Supporting lateness – Hey it’s rude, but there are all kinds of reasonable excuses for being late, most notably being caught up with a customer or everyone’s boss. So you’re not going to catch me stating that you should lock the door once the meeting starts. But there is no need to stop the meeting and waste everyone else’s time catching them up. Let their neighbor at the table do that if they like, or let them fend for themselves. Time is the biggest thief of productivity in meetings and you need to show everyone that you are respecting it.
No agenda – Every meeting needs to have a clear purpose. If you don’t have a stated purpose you are dramatically less likely to achieve it. A printed and distributed agenda helps keep the meeting on track and on time.
And no notes - Ever need to call someone who attended a meeting with you and ask them to clarify something that occurred for you? That’s a failure of the meeting organizer. Taking and distributing notes is the next logical step in the process because it clears up any question over what was decided and where responsibilities lie. Even if it was one thing, sending out an e-mail with the meeting results clarifies everything.
Too many people – One benefit of an agenda and notes is that it provides a nice and tidy summary for anyone asking about the meeting. If the person you were considering inviting wasn’t likely to contribute, or was only needed to be there for one thing, they can get updated later. There is a fallacy that the more people you have in a meeting the more potential value there is from varied opinions and thoughts, in fact it makes collaboration more scattered and less likely to accomplish the goal of the meeting since the responsibility for that goal is distributed over a much larger group.
No action – Have you ever left a meeting and there weren’t any action items for anyone? My bet is that is what occurs in a sizeable portion of meetings. This is often the result of not having a clear purpose or agenda, but can just as likely be about people wanting to “duck” responsibility or tasks (hey, we all have plenty on our plates). Every good meeting has next steps assigned by the end of it.
“Obligatory” meetings – Remember when you set up that weekly meeting to go over inventory concerns? Remember how those concerns were basically addressed a month ago? Why are you still meeting every week for half an hour? Regularly scheduled meetings have shelf lives. At some point they either need to go away entirely, have their frequency reduced, or have a change in scope to make them useful still. They were most likely very useful at one point, but usefulness needs to be assessed continually.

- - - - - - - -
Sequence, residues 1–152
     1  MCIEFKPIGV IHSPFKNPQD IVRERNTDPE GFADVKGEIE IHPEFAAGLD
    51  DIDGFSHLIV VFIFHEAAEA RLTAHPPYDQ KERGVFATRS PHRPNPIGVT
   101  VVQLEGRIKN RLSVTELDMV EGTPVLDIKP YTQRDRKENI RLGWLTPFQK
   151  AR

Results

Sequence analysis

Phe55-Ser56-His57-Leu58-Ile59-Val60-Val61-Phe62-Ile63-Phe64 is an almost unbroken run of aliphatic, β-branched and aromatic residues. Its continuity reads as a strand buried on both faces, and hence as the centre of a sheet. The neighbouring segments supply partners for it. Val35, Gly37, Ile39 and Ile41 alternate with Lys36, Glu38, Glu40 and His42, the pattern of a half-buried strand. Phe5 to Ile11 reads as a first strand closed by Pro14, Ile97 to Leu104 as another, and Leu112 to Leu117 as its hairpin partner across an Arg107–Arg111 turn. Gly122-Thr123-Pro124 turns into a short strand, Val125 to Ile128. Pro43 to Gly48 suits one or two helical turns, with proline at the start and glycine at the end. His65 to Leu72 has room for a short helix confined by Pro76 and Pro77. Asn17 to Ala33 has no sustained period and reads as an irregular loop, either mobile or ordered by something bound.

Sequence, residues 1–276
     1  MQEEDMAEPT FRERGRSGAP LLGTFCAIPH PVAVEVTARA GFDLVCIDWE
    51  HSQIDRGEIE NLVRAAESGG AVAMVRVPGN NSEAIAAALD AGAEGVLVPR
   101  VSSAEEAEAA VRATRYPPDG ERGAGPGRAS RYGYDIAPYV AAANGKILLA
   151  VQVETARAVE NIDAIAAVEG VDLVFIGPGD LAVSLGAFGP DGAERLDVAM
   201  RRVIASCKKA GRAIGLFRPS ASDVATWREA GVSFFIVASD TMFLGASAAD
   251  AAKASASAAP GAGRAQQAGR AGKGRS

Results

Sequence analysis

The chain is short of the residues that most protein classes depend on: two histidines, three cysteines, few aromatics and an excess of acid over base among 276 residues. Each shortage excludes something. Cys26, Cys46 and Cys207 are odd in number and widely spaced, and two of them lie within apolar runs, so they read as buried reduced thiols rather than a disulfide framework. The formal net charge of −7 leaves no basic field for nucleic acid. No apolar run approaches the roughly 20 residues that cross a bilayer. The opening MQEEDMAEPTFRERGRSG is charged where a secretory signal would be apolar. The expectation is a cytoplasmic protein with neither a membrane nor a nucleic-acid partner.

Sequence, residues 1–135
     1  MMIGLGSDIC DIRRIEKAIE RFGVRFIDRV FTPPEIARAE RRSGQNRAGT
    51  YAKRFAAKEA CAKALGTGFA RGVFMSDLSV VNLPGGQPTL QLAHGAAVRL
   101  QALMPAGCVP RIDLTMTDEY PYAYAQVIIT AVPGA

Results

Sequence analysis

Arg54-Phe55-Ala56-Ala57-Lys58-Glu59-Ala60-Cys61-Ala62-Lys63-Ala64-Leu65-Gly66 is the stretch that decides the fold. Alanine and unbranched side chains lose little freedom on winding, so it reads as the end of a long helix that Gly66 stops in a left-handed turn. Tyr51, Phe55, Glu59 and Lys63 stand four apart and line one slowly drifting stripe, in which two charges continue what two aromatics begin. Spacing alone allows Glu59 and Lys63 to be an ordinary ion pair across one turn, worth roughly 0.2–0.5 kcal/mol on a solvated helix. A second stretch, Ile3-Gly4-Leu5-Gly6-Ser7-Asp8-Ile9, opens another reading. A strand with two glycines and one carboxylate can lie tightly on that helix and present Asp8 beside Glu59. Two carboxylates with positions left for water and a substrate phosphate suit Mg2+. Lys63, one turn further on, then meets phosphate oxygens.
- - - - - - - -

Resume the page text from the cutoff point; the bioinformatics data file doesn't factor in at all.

No follow up – Many meetings may get most of the above things right, but fail to produce results because there is no follow-up. My favorite meeting that rarely has follow-up is actually yearly reviews. There’s almost always a lot of talk about things that you are going to work on, but almost never any follow-up on how that’s going … well, at least until next year. Yet another reason for there to be a meeting facilitator is to have someone who can follow-up on the completion of the action items. Everyone has a lot on their plate, and it’s very easy to take those items that are from a “shared responsibility” project and put them on the back-burner of priorities. If there isn’t any follow-up, there is far less of a chance that the task is done, and done to the satisfaction of everyone.
Like so many tools, meeting are very valuable, but are also very easily misused and abused. It takes more effort than just “pulling everyone into a room” to pull off a great meeting. And you also need the insight and wisdom to know when not to use the meeting as a tool and use another method. Hopefully with the 12 items above in mind you’ll have an easier time having great meetings in the future.